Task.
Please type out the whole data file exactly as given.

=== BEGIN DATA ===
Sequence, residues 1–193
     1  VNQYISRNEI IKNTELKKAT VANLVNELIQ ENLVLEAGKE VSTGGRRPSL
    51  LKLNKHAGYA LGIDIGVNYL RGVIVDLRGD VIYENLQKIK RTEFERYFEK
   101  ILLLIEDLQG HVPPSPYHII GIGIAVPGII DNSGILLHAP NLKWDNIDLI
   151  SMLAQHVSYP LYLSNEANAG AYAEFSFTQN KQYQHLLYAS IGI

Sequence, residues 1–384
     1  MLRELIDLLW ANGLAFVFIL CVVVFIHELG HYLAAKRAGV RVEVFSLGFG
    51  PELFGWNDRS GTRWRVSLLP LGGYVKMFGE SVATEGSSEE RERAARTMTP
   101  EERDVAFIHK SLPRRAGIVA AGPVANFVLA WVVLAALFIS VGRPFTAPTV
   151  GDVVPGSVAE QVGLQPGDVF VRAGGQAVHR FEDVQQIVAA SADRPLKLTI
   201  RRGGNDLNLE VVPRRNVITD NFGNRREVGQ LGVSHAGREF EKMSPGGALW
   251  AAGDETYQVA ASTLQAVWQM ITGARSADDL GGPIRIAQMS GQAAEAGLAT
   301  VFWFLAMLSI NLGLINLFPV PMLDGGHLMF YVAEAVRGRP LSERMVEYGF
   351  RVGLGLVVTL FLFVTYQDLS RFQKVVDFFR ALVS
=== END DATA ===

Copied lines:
Sequence, residues 1–193
     1  VNQYISRNEI IKNTELKKAT VANLVNELIQ ENLVLEAGKE VSTGGRRPSL
    51  LKLNKHAGYA LGIDIGVNYL RGVIVDLRGD VIYENLQKIK RTEFERYFEK
   101  ILLLIEDLQG HVPPSPYHII GIGIAVPGII DNSGILLHAP NLKWDNIDLI
   151  SMLAQHVSYP LYLSNEANAG AYAEFSFTQN KQYQHLLYAS IGI

Sequence, residues 1–384
     1  MLRELIDLLW ANGLAFVFIL CVVVFIHELG HYLAAKRAGV RVEVFSLGFG
    51  PELFGWNDRS GTRWRVSLLP LGGYVKMFGE SVATEGSSEE RERAARTMTP
   101  EERDVAFIHK SLPRRAGIVA AGPVANFVLA WVVLAALFIS VGRPFTAPTV
   151  GDVVPGSVAE QVGLQPGDVF VRAGGQAVHR FEDVQQIVAA SADRPLKLTI
   201  RRGGNDLNLE VVPRRNVITD NFGNRREVGQ LGVSHAGREF EKMSPGGALW
   251  AAGDETYQVA ASTLQAVWQM ITGARSADDL GGPIRIAQMS GQAAEAGLAT
   301  VFWFLAMLSI NLGLINLFPV PMLDGGHLMF YVAEAVRGRP LSERMVEYGF
   351  RVGLGLVVTL FLFVTYQDLS RFQKVVDFFR ALVS